Annual exams are preventive exams that can help catch any health problems which may not be symptomatic or severe yet. There is one annual exam that is often overlooked, and that is the eye exam. When you think about eye exams, you may assume that it’s only for people who need glasses, but in fact, eye exams are important for everyone – including those with perfect vision. Your sense of sight is one of the most important senses and with thorough eye exams, you can protect yourself from vision loss and stay on top of other eye problems.
A licensed optometrist or ophthalmologist conducts eye exams. Included in eye exams are vision screenings and other tests to evaluate your eye health. The optometrist or ophthalmologist checks for the following:
- Eye alignment
- Eye movement
- Visual acuity
- Depth perception
- Macular degeneration
- Detached retinas
Eye diseases often have no noticeable symptoms for quite some time, and detecting and treating these problems early on usually has favorable outcomes. If you want to prevent vision loss, make your eye exams an annual occurrence.
The American Academy of Ophthalmology (AAO) recommends eye exams every five to 10 years for people aged 20-30; every two to four years for people from 40 to 54; every one to three years for people aged 55-54; and every year for people aged 65 and older. However, there are exceptions to the rule. If you are experiencing noticeable vision changes and eye discomfort, have a chronic disease, and have a family history of eye disease, eye exams should be scheduled with a shorter time period in between.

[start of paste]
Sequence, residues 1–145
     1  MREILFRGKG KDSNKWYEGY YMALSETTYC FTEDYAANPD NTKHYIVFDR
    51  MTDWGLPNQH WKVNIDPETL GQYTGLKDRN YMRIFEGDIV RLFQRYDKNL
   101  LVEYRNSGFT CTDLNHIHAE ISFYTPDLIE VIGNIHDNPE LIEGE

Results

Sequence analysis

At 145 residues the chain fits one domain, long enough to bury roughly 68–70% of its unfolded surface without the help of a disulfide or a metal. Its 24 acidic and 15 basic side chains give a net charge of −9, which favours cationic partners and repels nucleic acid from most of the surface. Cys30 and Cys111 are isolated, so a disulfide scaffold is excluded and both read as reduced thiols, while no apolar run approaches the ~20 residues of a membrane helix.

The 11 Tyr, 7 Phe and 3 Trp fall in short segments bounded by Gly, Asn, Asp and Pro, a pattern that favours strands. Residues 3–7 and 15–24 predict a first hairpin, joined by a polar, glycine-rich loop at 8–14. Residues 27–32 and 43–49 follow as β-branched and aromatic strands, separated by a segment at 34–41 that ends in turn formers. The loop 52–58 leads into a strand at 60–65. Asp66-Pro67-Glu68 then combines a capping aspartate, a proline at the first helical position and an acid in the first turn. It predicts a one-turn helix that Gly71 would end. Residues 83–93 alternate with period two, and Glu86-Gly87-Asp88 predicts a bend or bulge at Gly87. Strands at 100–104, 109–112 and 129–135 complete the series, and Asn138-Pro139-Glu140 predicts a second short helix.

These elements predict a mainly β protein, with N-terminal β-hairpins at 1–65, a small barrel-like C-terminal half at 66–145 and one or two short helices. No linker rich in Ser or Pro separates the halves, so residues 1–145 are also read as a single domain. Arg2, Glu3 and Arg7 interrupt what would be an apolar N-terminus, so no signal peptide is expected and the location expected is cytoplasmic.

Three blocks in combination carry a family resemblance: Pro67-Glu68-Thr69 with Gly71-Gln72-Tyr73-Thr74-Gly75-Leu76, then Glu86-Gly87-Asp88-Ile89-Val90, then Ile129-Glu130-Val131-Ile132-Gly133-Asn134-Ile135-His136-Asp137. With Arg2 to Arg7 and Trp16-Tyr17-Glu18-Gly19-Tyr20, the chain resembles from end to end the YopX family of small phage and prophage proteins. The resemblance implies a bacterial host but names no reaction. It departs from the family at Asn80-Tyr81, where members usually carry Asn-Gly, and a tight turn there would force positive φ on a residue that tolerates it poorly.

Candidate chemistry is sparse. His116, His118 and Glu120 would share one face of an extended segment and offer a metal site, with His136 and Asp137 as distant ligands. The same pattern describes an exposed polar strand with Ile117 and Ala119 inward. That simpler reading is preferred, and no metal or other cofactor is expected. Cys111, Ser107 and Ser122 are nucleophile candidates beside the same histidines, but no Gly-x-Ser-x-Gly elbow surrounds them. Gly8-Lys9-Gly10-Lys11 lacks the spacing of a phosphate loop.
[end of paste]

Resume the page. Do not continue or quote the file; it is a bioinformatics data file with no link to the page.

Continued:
What Other Conditions Can an Eye Doctor Find During an Exam?
This may come as a surprise, but optometrists or ophthalmologists can even detect signs of other health conditions not exclusive to eyesight, such as high blood pressure, high cholesterol, and diabetes. Here are a few examples of how your eyes can reveal a lot about your overall health:
- High blood pressure can cause damage to blood vessels in the retina and cause a person’s vision to become blurry due to a condition called retinopathy.
- Diabetes can also cause retinopathy and may cause the eyes to leak blood or yellow fluid.
- A yellow ring around the cornea can be a sign that a person has high cholesterol.
- Inflammation in the eyes is a symptom of lupus, an autoimmune disorder.
- Symptoms of thyroid disorders include bulging eyeballs.
- Changes in your eye structure may be a symptom of melanoma or eye cancer.
Eye Doctor in Washington and Creve Coeur, Missouri
If you would like to take better care of your eyes and stay on top of your eye health, the optometrists and ophthalmologists at Advanced Sight Center provide comprehensive, leading-edge eye care for our patients. Our eye exams are state-of-the-art and we even have an optical boutique for corrective eyewear and lenses.
Your eyesight is precious; let our eye experts take better care of it. To schedule an eye exam, call Advanced Sight Center at (636) 239-1650 for Washington or (314) 878-4228 for Creve Coeur. You can also send an appointment request using our online form.